HARTFORD, Conn. (CBSNewYork/AP) - John McKinney, the Republican leader of the state Senate, announced Tuesday he is running for governor in 2014, saying he hopes to restore fiscal prosperity to Connecticut.
The eight-term Fairfield lawmaker announced his candidacy in a news release emailed to reporters. The statement said McKinney has filed the necessary paperwork to start a candidate committee and begin collecting contributions to qualify for the state’s public campaign financing program.
“Over the coming weeks, we’ll work to build support and a statewide organization to help put Connecticut back on the right track,” McKinney said.
McKinney criticized Democratic Gov. Dan Malloy‘s approach to rebuilding the state’s economy, saying the first-term governor “by almost every measure” has taken Connecticut’s economy in the wrong direction.
“After three years of picking winners and losers and giving away hundreds of millions of taxpayer dollars to big corporations already based in Connecticut, the results of Gov. Malloy’s economic policies speak for themselves: Connecticut is losing,” he said.
McKinney indicated he planned to run for governor in an interview with Hearst Connecticut Media Group, published on Sunday.
Malloy has not yet announced whether he will seek a second term. He has argued, however, that his policies have moved Connecticut in the right direction economically and saying “we’re in substantially better shape than where we were when we began.”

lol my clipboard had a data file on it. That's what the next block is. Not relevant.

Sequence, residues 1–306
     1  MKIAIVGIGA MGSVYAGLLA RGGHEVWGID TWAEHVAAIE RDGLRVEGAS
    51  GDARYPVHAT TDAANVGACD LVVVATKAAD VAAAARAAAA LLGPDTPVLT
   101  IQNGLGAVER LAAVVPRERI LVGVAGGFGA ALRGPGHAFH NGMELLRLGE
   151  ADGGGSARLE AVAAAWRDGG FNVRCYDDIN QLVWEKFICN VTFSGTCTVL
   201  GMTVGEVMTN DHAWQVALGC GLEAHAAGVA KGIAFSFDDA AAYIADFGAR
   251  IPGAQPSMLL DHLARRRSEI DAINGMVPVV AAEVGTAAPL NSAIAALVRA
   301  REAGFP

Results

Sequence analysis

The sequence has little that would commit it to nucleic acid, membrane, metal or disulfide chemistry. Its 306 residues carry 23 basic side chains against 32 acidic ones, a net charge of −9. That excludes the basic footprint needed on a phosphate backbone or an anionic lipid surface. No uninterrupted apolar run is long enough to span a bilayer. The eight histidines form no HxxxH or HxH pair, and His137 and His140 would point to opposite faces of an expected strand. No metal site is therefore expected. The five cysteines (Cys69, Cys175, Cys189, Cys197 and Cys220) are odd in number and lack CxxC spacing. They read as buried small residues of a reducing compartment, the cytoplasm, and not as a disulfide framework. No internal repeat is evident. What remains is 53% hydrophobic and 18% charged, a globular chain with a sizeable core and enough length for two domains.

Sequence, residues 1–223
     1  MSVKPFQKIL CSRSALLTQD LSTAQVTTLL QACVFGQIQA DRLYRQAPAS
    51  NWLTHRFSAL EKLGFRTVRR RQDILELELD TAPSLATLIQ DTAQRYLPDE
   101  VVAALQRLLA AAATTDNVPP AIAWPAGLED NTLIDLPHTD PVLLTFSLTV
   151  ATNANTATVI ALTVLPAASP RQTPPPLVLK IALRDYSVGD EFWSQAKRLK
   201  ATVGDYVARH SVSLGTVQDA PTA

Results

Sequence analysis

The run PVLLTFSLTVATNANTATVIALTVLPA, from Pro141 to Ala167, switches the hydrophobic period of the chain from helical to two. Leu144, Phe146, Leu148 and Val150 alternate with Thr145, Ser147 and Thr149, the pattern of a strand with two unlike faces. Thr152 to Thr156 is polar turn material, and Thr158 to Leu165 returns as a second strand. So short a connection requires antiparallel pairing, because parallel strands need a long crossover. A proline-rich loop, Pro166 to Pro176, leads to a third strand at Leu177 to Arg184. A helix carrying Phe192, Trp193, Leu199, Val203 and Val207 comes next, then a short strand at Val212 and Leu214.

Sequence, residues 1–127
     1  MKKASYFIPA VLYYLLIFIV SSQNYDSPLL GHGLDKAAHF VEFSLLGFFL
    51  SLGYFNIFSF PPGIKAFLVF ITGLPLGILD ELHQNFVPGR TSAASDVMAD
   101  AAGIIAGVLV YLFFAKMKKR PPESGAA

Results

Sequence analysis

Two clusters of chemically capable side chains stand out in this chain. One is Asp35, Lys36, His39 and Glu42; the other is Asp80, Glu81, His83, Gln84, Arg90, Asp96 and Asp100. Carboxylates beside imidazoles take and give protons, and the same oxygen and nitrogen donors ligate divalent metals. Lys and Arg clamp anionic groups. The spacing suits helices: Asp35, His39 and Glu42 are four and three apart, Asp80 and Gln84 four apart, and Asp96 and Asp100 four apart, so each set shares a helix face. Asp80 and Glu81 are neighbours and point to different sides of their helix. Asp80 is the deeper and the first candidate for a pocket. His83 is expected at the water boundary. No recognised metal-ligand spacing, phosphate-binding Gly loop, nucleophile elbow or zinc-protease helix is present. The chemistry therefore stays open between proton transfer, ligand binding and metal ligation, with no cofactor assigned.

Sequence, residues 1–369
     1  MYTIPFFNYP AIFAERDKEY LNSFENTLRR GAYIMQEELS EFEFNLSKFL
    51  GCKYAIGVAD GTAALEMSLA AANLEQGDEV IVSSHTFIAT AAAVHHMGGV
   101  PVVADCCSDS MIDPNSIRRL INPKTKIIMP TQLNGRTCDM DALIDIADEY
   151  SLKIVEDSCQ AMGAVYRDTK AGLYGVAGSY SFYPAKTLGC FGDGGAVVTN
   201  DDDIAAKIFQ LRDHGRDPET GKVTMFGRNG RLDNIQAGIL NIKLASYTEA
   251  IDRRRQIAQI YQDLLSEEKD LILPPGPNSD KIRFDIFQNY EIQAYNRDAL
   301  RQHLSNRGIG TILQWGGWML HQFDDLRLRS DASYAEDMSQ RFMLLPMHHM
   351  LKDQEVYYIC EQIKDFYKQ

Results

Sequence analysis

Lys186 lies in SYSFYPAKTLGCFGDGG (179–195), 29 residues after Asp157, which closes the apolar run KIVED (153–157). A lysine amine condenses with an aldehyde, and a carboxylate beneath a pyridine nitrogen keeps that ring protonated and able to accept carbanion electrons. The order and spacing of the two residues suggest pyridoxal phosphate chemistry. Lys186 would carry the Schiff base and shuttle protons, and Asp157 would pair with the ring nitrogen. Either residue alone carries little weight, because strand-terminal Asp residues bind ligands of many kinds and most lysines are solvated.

Greenwich businessman Tom Foley, the party’s 2010 gubernatorial candidate, has said he will likely run for governor. Joseph Visconti of West Hartford, Gordon Ward of Manchester and Scott Merrell of Norwalk have already filed as Republican candidates for governor with the State Elections Enforcement Commission. Other possible contenders include Danbury Mayor Mark Boughton and Shelton Mayor Mark Lauretti.
Republican Strategist Chris Healy told WCBS 880 Connecticut Bureau Chief Fran Schneidau that McKinney, Foley, and Boughton all have the perspective to change the course of things in the state.
“They understand that Connecticut’s economy continues to suffer by big government, by high taxes, and regulation,” he told Schneidau.
Healy expressed confidence that the 2014 election will produce a Republican governor.
“I believe there are many unaffiliated Democratic voters who are not happy with the bill of goods that Dan Malloy sold them and all they’ve ended up with is just a bill,” he said.
Last month, House Minority Leader Lawrence Cafero Jr., R-Norwalk, announced he would not run.
The 49-year-old McKinney is the son of the late 4th District Rep. Stewart B. McKinney. A graduate of Yale University and University of Connecticut School of Law, McKinney practiced law at the Connecticut-based firm Cummings & Lockwood LLC before his election to the General Assembly. He also was a law clerk to the Connecticut Supreme Court.
The father of three children has been the Senate Minority leader since 2007.
McKinney’s legislative district includes Easton, Fairfield, Weston, Westport and Newtown. He played a key role in crafting a bipartisan package of gun control legislation this year in response to the Dec. 14 shooting at Sandy Hook Elementary School in Newtown.
His support of gun control measures brought him criticism from gun rights advocates. Scott Wilson, president of the Connecticut Citizens Defense League, said McKinney would not get his group’s support because the Republican was “instrumental in implementing a historic gun control law with zero consideration for the constitutional rights of law-abiding gun owners.”
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